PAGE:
Refractive Indexes and Invisibility (A real-life magic trick)

When light refracts from two different substances with the same index of refraction, the materials cannot be distinguished from one another. Here, Pyrex and vegetable oil have the same index of refraction so that the test tube appears invisible in vegetable oil. The light isn’t bouncing off  off of the pyrex tube, just travelling straight through. 

However, water and pyrex have a very different refractive index. The light travelling through the water refracts off the pyrex and reflects back in to your eye, so it does not appear invisible. 

When you see the pyrex test tube under the oil, you are actually just viewing the air inside it before it becomes filled as the pyrex itself is invisible.


The Invisible Man is a science fiction novella by H. G. Wells. Originally serialized in Pearson’s Weekly in 1897, it was published as a novel the same year. The Invisible Man of the title is Griffin, a scientist who has devoted himself to research into optics and invents a way to change a body's refractive index to that of air so that it neither absorbs norreflects light and thus becomes invisible. He successfully carries out this procedure on himself, but fails in his attempt to reverse it.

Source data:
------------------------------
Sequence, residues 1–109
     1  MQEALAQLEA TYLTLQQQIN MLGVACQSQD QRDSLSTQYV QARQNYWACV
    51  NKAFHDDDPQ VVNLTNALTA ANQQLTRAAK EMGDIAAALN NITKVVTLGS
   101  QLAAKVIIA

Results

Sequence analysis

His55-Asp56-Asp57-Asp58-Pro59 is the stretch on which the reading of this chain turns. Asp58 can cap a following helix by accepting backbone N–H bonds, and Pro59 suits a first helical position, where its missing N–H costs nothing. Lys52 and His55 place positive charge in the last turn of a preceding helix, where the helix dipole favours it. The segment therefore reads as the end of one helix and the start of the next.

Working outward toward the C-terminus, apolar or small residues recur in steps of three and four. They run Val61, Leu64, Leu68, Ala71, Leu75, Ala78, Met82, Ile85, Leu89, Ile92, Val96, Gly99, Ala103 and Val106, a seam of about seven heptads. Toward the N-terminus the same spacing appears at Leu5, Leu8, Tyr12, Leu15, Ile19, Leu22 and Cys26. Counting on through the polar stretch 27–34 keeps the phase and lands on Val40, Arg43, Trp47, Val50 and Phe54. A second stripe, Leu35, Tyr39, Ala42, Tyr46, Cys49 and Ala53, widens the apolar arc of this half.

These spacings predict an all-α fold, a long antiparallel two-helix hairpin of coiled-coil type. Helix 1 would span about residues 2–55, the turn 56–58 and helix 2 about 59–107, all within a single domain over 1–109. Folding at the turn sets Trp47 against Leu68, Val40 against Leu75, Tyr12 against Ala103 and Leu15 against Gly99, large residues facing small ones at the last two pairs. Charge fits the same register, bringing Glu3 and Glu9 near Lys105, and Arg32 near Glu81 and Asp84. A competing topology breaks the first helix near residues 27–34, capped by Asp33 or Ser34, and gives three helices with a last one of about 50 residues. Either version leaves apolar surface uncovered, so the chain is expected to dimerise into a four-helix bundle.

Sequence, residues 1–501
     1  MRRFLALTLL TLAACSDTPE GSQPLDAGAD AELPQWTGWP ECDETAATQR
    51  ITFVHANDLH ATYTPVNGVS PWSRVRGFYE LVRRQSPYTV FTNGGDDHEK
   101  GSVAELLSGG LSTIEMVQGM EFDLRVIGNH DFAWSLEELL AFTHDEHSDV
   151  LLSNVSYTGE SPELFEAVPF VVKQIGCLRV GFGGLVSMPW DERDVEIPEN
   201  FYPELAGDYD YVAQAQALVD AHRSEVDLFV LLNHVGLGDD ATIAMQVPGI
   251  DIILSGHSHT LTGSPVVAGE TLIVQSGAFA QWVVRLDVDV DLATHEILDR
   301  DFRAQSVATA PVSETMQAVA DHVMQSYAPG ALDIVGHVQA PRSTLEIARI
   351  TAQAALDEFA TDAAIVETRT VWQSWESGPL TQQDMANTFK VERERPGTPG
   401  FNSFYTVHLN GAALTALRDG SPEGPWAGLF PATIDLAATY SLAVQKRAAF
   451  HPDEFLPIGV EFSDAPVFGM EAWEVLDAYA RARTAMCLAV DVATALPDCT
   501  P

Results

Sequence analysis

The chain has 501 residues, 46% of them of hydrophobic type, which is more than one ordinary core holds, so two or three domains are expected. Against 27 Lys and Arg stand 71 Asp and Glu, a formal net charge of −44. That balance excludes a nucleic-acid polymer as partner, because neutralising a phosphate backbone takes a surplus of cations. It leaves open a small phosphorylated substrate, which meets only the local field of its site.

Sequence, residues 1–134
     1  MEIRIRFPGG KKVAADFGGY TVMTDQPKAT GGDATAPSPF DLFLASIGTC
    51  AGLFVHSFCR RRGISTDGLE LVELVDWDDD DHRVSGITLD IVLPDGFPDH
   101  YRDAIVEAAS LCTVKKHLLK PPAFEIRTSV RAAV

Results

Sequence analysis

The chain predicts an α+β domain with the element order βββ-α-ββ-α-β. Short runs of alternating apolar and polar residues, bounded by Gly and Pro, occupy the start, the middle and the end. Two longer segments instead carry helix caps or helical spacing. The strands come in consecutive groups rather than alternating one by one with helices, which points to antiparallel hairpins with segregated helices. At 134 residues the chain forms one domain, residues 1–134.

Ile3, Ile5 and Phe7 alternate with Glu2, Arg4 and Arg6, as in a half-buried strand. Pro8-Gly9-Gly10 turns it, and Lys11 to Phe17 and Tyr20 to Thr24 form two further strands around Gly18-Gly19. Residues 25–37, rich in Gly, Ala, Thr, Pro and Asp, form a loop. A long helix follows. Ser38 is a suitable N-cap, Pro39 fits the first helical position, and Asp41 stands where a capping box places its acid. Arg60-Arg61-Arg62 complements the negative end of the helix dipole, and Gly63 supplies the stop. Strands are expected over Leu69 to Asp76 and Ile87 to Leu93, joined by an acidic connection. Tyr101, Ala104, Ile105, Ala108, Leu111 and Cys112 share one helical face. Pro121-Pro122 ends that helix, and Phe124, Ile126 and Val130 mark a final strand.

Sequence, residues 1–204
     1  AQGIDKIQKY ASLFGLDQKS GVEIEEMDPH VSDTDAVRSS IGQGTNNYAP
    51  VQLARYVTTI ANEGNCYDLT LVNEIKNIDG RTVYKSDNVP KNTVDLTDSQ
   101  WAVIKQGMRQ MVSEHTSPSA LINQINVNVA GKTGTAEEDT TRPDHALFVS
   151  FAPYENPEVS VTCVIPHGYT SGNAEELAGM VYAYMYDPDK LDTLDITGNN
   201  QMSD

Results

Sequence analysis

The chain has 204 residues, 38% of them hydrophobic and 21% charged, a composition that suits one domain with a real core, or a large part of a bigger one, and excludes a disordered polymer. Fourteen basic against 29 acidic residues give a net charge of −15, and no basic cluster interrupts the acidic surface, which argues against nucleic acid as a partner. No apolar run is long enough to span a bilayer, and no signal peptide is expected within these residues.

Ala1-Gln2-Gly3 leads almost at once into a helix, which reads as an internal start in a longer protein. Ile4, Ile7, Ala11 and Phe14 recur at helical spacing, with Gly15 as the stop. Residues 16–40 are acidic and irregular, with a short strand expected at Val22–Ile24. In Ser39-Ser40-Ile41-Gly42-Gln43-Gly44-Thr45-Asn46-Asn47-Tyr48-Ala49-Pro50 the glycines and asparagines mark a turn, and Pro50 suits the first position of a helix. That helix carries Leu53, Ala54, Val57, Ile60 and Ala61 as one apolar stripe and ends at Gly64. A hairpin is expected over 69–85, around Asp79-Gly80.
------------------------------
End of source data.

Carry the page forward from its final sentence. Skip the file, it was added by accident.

While its predecessors, The Time Machine and The Island of Doctor Moreau, were written using first-person narrators, Wells adopts a third-person objective point of view in The Invisible Man.